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HomeNewsCampus'Founders Drive' podcast wins first place at the Enactus Regionals Exposition

‘Founders Drive’ podcast wins first place at the Enactus Regionals Exposition

Durham College’s Enactus team scored a big win at the Enactus Regionals Exposition earlier this month.

Their project, Founders Drive, is a podcast that began as a startup aimed at telling the stories of young entrepreneurs that have faced barriers, overcome obstacles – racism, agism, sexism, any sort of discrimination and disability – and did it anyways.

Many journalism and business students worked for months to prepare to present the podcast, leading up to the Regionals Exposition.

Tammy Raycraft, a podcast producer and host as well as one of the EnactusDC presenters, was a part of the student-led team that presented the project to the judges.

“The presentation went off without a hitch,” said Raycraft. “We spoke directly to the judges – and to see their reaction to the video, to what we did, to what we had to say – was amazing.”

The goal of the podcast is to inspire people to consider entrepreneurship.

“Too many people look at an entrepreneur as Jeff Bezos, where we’re trying to show that’s not your average entrepreneur,” Raycraft said. “That’s not what an authentic voice of entrepreneurship is.”

Deidra Clarke, also a producer and host of the podcast, is launching her own business with the help of the Founders Drive team. Her brand, D.I.A. Tribe, is a clothing line with an accessible pocket for type 1 diabetics to put their pump or supplies.

Clarke has tried to start her business multiple times in the past but faced roadblocks every time. Now, the hoodie she designed is almost at the prototype stage.

She has been working with Jay Fisher, a professor in the Faculty of Business and a FastStart advisor.

“We did everything step by step and I also had Katie (Sampson) there to help ignite sparks when I blank,” she said.

The young entrepreneur felt inspired by the podcast and the people she encountered.

“As an entrepreneur, it’s been really incredible to hear other people’s stories because I’m always talking to entrepreneurs, so at the end I’m like ‘I’m also starting my own business’ and they give me little tips and tricks,” said Clarke.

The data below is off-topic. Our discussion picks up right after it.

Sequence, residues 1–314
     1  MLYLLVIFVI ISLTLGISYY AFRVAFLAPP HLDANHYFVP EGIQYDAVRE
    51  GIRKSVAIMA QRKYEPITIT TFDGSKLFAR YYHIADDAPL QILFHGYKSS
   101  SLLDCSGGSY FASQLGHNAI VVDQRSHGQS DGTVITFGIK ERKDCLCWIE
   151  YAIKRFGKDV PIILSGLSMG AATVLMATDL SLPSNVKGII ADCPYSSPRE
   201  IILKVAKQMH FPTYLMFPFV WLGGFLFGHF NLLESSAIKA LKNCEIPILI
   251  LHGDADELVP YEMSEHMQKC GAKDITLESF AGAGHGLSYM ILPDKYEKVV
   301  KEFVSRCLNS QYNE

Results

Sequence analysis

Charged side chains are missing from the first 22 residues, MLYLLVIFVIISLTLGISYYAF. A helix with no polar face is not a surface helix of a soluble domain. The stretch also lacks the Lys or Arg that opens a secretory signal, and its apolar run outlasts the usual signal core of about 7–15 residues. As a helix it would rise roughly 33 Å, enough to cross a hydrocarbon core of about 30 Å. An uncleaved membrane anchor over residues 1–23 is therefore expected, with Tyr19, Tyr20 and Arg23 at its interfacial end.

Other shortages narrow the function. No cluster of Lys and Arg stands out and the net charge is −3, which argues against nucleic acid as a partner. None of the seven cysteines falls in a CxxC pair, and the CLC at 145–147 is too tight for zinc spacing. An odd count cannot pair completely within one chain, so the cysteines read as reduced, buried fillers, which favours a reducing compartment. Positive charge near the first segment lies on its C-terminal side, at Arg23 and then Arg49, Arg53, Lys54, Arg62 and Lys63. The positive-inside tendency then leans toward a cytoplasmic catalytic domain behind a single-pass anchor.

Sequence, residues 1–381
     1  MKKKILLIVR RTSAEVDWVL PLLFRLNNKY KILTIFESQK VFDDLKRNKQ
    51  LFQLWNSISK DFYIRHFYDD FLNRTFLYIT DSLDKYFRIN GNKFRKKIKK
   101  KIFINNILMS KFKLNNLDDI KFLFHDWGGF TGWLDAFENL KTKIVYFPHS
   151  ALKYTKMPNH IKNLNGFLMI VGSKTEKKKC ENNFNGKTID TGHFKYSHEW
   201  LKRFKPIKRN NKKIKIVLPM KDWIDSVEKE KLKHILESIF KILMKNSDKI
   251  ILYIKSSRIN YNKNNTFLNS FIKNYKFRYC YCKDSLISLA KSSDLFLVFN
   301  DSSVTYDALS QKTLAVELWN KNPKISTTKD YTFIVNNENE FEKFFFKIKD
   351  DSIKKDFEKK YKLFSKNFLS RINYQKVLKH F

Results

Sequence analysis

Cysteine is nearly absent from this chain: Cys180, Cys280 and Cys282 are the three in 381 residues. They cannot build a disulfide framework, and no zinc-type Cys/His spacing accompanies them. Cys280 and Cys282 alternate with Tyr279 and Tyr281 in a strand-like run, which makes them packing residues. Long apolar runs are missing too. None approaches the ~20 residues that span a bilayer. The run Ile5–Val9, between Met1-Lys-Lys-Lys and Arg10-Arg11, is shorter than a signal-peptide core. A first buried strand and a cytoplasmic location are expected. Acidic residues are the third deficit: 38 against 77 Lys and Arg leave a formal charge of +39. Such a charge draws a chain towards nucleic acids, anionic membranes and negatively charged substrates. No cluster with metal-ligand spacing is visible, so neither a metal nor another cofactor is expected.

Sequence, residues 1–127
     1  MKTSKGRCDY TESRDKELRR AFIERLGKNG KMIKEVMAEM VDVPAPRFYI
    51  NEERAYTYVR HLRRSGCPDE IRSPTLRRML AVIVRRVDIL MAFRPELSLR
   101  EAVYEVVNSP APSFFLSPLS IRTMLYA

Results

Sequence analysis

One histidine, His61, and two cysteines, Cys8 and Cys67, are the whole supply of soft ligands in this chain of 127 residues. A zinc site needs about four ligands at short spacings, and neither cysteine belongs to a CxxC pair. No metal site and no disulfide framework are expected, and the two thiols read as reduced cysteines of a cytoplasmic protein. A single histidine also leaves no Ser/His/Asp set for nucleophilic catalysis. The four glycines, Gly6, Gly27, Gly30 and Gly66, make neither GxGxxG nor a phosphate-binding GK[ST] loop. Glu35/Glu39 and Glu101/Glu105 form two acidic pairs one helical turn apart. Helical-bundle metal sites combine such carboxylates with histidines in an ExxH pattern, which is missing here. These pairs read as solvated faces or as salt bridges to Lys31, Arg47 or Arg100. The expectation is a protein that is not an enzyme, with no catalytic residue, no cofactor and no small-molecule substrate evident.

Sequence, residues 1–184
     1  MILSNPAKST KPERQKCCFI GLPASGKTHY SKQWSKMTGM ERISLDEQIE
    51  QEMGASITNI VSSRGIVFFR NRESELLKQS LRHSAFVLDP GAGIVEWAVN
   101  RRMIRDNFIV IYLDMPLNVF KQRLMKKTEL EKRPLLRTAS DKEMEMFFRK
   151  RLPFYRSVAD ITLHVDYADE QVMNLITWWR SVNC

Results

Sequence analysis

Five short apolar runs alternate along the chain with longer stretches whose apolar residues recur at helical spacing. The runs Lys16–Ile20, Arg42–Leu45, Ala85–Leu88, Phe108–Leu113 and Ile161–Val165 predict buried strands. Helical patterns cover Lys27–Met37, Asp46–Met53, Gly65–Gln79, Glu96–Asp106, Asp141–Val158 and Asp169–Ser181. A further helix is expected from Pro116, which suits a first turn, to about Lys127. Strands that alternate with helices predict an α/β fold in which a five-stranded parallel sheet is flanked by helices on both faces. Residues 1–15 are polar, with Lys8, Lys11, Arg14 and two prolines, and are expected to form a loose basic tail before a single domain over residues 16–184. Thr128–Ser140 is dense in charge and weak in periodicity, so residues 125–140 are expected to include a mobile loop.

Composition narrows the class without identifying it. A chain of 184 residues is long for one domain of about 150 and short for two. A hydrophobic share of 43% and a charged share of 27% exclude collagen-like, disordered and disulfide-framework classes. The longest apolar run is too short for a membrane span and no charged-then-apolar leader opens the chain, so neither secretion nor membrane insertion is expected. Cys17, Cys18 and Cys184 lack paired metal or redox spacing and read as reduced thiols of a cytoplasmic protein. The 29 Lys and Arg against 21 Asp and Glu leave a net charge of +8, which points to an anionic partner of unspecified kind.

The Founders Drive project has had several other far-reaching impacts, beyond the Canadian borders.

Katie Sampson, another producer and host, travelled to Guatemala as a part of a Durham College trip in February. Part of the funding the team received for the podcast was used to purchase laptops for three Indigenous Mayan women.

The laptops are helping the young women go to university and start their own French-fry stands in their respective communities.

Sampson was able to personally deliver those laptops to the women.

“It was so emotional because these are three young women, I think they were 18, now have the chance to go to school and start a business, which in their communities most women are pushed out in Grade 6 to get married and be a housewife,” said Sampson.

The experience in Guatemala was “life-changing” for Sampson, and she was grateful for the opportunity.

“It’s one of the stories in the podcast and it truly is inspirational because here we don’t recognize our own privilege,” she said.

The journalism students joined the EnactusDC team to further their own journalistic skills. However, that changed as the podcast evolved.

“I went into it thinking that it will add to my portfolio and resume,” Sampson said. “I was pretty selfish about the whole thing but overall it’s such a great conversation that a lot of people don’t have.”

For Clarke, the project allowed her to call herself an entrepreneur.

“Initially, it was so I could put something on my resume, and I wasn’t sure how big this was going to be,” Clarke said. “Now, it’s something I’m proud of because we’re making a change and a difference in people’s lives, and in my own life.”

The team will now compete at the nationals in Montreal in May. The first season of the Founders Drive podcast will be released in August on World Entrepreneurship Day.

“When I first started, I wanted to gain experience and skills in the journalism industry. But it changed, seeing what this project can do,” said Raycraft. “I want to inspire people, I want people to know that this is a thing. It’s possible, everybody can be an entrepreneur.”

EnactusDC is part of FastStart, the college’s extra-curricular program designed to help entrepreneurial students develop and launch their own businesses.

Students from five other programs – PR and Strategic Communication, Advertising and Promotion, Photography and Interactive Media Design – have also been involved.